While being expected to help solve society's problems and identify future challenges, research organisations are also expected to avoid the risks and potential harm that research activities could cause, given that scientific findings and inventions often have a long-term and sometimes disruptive impact on society and the environment. Like any other organisation or company, research organisations have a direct responsibility for the impact of their activities on society, employees, and the environment.
How does this handout tie in with existing standards?
References and notes are provided to show where the identified areas for action tie in with nationally and internationally recognised standards of sustainability and reporting – in particular with the guidelines of the Global Reporting Initiative (GRI) and the German Sustainability Code (DNK).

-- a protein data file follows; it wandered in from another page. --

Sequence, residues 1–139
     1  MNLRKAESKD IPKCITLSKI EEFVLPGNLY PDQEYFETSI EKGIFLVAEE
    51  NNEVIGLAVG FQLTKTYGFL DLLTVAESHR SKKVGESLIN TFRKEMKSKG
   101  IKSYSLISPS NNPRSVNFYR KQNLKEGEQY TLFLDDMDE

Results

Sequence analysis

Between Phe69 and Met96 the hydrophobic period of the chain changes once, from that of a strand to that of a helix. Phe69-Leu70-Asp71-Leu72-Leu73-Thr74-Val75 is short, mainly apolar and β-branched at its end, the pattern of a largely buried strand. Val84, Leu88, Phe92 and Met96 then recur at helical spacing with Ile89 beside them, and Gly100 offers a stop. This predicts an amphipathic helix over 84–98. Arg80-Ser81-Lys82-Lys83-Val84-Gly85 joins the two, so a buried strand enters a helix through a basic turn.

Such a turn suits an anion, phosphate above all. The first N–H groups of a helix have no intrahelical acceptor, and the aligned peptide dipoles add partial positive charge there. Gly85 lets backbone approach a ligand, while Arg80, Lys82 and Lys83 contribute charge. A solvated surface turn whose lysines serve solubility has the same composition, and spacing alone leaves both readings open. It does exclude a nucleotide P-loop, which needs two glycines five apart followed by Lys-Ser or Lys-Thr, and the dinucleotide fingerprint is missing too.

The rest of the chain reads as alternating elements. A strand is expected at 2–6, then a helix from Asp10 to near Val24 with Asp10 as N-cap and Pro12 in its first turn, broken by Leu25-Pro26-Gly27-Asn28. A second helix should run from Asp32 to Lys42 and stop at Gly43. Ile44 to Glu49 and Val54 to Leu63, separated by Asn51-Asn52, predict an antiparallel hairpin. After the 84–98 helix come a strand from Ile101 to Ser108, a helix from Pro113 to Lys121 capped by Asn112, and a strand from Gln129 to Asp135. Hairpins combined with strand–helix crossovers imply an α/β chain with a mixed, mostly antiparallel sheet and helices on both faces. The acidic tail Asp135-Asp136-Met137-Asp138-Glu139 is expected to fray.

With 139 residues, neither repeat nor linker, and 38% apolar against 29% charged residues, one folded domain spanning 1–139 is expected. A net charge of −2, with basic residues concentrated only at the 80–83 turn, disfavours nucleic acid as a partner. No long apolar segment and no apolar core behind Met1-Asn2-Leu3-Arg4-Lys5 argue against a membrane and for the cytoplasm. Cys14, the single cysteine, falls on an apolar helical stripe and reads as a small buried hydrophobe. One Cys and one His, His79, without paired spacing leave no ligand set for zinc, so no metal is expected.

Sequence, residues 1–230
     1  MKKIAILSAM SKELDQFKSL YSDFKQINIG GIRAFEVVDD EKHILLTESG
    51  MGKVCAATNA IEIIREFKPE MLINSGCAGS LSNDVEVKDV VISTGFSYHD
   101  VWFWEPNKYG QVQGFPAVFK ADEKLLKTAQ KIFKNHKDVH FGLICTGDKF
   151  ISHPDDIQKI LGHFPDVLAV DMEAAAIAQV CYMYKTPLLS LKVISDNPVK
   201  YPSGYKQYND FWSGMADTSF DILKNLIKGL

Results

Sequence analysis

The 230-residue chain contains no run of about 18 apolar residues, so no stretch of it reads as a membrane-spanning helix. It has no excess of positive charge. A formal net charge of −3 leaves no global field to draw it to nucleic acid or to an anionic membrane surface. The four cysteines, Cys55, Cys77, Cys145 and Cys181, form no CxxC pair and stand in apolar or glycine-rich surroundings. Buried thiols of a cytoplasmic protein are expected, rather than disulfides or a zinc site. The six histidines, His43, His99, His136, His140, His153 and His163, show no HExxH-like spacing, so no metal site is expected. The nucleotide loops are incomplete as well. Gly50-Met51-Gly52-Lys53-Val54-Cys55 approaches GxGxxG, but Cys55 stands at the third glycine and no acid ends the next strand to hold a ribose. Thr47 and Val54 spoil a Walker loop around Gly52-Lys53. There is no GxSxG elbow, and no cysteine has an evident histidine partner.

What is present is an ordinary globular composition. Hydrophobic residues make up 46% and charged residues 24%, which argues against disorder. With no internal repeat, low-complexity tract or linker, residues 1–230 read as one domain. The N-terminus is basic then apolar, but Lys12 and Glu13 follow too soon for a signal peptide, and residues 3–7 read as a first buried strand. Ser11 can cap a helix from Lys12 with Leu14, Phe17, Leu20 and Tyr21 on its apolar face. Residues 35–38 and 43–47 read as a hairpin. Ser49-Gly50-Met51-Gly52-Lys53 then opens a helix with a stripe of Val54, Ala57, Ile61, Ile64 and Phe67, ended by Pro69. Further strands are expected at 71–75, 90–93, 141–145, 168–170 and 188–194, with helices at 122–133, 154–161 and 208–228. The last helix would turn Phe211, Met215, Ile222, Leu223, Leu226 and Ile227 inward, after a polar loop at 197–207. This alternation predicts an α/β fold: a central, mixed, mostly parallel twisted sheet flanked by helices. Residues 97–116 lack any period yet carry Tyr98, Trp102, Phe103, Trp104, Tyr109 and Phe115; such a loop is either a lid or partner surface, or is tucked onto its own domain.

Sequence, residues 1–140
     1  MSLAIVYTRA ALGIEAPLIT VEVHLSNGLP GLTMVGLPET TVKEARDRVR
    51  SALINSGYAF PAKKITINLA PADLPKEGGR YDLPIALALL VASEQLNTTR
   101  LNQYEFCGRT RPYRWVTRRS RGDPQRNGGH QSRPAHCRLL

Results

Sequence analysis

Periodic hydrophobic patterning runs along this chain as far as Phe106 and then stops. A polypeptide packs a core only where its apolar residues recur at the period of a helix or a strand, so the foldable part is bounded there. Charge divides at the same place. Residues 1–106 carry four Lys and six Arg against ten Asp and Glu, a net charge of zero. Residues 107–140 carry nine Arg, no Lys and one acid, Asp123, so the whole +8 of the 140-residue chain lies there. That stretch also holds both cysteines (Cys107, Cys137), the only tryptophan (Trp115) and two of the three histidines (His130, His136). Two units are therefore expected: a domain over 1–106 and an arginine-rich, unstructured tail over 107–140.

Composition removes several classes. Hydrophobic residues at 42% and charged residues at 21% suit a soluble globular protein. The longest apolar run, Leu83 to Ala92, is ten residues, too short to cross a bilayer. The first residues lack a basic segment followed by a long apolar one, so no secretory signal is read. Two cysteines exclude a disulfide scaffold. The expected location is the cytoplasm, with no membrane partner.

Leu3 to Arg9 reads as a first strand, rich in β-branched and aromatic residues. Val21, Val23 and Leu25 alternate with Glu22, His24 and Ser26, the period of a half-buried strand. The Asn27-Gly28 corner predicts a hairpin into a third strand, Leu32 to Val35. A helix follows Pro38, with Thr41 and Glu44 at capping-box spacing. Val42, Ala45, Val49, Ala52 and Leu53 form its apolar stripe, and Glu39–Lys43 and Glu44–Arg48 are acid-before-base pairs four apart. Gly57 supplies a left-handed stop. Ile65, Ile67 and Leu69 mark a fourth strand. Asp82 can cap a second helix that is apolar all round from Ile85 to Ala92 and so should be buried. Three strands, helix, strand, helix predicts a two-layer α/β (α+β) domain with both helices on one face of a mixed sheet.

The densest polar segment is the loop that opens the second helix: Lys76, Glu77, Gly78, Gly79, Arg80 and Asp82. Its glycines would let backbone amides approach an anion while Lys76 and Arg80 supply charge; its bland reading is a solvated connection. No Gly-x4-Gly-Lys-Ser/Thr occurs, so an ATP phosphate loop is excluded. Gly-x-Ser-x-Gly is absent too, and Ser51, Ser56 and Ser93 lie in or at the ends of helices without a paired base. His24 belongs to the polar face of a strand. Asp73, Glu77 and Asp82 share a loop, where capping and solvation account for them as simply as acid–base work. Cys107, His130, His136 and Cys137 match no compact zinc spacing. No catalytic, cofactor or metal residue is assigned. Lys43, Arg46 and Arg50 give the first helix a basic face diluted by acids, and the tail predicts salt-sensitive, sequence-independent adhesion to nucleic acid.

Furthermore, information on this website is based on internationally recognised standards for sustainability management and for social responsibility of organisations, such as the principles of the United Nations Global Compact and the principles and areas for action of the international standard ISO 26000.
Sustainability reporting standards
Standards of the Global Reporting Initiative (GRI)
The GRI standards are the world's most widely recognised sustainability reporting standards, and are currently used by more than 5,000 companies and organisations in over 70 countries. This comprehensive set of relevant aspects and indicators was developed in a multi-stakeholder approach and published in its current edition (GRI G4) in 2013. Some sectors even have specific supplements of their own (sector guidance). This is not the case for research organisations.